22 June 2011
The perfect 'tapai'
My mom was becoming very restless. She's been here about a week, with the intent of helping me out with the kids' breakfast and lunch boxes while I recuperate from my operation just over a week ago. So I asked her to make some tapai (rice-wine), since I have some beras pulut (glutinous rice) and sasad (yeast,) leftover from my last effort (that would be months ago). (Being me, I can't help but feel that tradition should be carried out by those who can, no matter that I don't drink alcoholic drinks myself).
The tapai-making session turned out to be an eye-opener for me. Strange, I thought I knew all there was to know about making tapai. Turned out that like any other type of learning, it's a continuous process.
The first comment I got from Mom was "you need a proper cooling-mat" (which would ideally be a recycled sugar or rice sack, the white woven type that normally holds 50kg of rice). Mom said that if you don't cool the cooked rice properly, there's a chance that the tapai would turn sour instead of bitter or bitter-sweet. Because I don't have one of those, she had to be contented with using my rilibu (winnowing basket).
Her second comment was that I was not supposed to store my yeast in the fridge, even though they are in an air-tight container. "The best tapai can only be produced by using properly-dried yeast", said Mom. She took the bunch of yeast out and dried them under the sun-thankfully the sun shone gloriously yesterday.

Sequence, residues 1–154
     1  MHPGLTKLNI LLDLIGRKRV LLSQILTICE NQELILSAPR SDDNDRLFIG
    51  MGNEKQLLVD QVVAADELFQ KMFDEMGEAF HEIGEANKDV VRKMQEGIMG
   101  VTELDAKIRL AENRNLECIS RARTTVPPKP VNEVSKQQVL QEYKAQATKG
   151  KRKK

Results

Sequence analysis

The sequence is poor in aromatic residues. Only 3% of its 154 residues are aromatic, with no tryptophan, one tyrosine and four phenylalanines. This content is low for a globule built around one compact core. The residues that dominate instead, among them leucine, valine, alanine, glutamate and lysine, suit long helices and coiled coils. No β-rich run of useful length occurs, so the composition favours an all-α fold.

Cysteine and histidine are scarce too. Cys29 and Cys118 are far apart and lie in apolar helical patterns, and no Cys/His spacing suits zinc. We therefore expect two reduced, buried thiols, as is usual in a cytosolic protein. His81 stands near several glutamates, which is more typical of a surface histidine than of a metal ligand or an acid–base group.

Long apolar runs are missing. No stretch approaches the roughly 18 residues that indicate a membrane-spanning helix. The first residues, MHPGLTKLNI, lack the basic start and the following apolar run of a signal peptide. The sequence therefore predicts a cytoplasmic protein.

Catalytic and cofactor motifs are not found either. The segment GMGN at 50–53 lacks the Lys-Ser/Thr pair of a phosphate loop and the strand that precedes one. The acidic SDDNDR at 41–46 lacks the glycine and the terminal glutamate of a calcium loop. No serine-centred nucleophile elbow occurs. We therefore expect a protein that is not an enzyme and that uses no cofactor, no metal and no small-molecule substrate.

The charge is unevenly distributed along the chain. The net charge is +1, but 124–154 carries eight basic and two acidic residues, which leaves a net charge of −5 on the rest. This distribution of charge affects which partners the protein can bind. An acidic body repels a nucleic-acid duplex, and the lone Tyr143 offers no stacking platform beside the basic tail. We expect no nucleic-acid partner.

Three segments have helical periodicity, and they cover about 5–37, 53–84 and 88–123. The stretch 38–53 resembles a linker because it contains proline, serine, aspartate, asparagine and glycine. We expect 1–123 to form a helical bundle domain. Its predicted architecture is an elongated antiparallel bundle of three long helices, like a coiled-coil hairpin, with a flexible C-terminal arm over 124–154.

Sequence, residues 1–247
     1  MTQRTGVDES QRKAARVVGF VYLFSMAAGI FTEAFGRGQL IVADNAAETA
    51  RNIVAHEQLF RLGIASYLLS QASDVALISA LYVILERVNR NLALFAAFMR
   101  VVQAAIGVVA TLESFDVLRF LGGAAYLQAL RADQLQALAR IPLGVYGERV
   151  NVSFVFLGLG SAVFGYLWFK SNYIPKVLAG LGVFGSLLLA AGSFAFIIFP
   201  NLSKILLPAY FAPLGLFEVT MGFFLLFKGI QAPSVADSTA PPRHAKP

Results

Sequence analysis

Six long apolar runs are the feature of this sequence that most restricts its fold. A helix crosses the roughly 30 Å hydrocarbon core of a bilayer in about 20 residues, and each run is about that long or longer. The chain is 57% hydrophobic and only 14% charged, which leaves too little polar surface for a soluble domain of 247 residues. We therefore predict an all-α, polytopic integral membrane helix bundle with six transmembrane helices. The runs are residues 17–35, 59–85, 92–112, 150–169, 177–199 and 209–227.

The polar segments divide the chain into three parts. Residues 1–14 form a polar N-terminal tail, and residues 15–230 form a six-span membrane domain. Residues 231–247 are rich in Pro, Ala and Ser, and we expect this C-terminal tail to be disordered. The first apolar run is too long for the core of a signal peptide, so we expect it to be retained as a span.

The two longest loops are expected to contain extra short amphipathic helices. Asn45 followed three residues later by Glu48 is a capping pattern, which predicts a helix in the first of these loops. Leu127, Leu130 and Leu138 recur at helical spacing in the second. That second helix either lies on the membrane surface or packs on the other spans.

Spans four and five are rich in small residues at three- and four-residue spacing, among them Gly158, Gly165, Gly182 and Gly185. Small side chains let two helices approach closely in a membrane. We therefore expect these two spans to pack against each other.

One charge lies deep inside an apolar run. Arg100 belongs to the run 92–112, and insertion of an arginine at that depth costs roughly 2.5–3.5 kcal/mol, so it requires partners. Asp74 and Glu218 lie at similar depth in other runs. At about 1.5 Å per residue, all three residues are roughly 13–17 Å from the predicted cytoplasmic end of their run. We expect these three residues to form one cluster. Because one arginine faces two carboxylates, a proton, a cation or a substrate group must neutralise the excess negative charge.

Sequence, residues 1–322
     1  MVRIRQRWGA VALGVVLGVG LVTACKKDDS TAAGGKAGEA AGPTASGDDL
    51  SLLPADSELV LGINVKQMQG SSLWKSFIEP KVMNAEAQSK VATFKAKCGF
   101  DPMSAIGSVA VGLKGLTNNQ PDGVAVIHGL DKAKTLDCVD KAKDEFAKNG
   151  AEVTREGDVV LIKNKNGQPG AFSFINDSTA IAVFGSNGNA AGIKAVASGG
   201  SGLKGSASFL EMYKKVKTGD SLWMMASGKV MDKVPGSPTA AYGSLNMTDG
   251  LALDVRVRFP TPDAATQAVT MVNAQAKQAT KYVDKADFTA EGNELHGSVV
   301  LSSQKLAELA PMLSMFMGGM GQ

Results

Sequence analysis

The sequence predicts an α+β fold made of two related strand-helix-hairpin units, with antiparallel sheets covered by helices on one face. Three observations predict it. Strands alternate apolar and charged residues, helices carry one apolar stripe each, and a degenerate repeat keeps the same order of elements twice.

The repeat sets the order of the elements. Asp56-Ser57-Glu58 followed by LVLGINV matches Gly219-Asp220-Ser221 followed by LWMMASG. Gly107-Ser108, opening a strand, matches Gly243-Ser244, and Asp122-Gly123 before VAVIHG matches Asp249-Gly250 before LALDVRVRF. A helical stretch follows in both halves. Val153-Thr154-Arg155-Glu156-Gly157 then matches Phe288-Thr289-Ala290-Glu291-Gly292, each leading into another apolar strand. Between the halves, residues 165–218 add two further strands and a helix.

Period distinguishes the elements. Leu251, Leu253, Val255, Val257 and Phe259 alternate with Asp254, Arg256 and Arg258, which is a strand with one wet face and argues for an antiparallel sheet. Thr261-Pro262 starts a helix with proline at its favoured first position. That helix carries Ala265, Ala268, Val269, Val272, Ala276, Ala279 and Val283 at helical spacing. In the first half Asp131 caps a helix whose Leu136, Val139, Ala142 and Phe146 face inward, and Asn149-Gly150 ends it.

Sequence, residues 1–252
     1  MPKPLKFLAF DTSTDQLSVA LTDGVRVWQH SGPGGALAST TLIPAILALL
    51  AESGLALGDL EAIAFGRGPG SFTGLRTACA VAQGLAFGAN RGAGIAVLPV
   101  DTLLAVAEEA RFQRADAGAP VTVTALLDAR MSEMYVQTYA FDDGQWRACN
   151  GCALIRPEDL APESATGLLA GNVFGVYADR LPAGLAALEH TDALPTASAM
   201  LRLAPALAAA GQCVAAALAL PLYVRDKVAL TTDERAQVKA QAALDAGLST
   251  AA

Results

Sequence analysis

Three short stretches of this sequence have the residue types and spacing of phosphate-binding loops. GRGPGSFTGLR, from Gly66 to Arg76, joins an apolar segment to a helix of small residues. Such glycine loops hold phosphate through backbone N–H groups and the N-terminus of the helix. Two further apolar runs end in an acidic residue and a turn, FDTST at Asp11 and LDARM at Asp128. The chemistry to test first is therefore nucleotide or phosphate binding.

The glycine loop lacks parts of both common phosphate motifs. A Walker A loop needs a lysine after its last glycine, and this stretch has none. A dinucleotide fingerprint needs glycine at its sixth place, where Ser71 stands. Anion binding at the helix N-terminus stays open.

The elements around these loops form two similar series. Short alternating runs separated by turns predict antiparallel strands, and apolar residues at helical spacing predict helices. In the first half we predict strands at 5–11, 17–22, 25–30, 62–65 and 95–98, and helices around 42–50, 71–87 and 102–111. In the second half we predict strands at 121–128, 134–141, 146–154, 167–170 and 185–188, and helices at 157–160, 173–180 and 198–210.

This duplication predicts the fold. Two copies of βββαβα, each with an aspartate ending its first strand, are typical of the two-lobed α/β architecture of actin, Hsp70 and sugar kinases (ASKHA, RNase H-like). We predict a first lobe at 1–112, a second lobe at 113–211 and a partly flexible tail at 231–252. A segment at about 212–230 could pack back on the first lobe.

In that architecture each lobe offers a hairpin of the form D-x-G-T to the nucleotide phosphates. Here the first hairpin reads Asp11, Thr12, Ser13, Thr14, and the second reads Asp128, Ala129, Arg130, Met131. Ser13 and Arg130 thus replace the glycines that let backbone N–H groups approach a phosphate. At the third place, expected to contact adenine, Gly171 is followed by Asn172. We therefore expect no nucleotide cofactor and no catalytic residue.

She cooked 5kg of beras pulut in my giant rice-cooker (and complained that the fragrance of the rice would have been much nicer cooked in a large pot on a hearth over suduon (firewood)). After, she let the rice cool on the winnowing basket, and hours later, after the bunch of yeast were crisp from the sun, she put them in a zipped bag, and crush them with a rolling-pin. (In her own place, she would have used a custom-made pestle for that purpose). She mixed the yeast with the rice well, and stored them in two of my empty jars.
A month from now, the tapai would be good to consume, either as siopon (to be taken straight from the tajau using a straw) or lihing (rice-wine.
Mom's tapai has always been perfect, while mine varies from bitter to sourish. Good thing the lesson she gave had made me aware of the reason for the sourish taste now.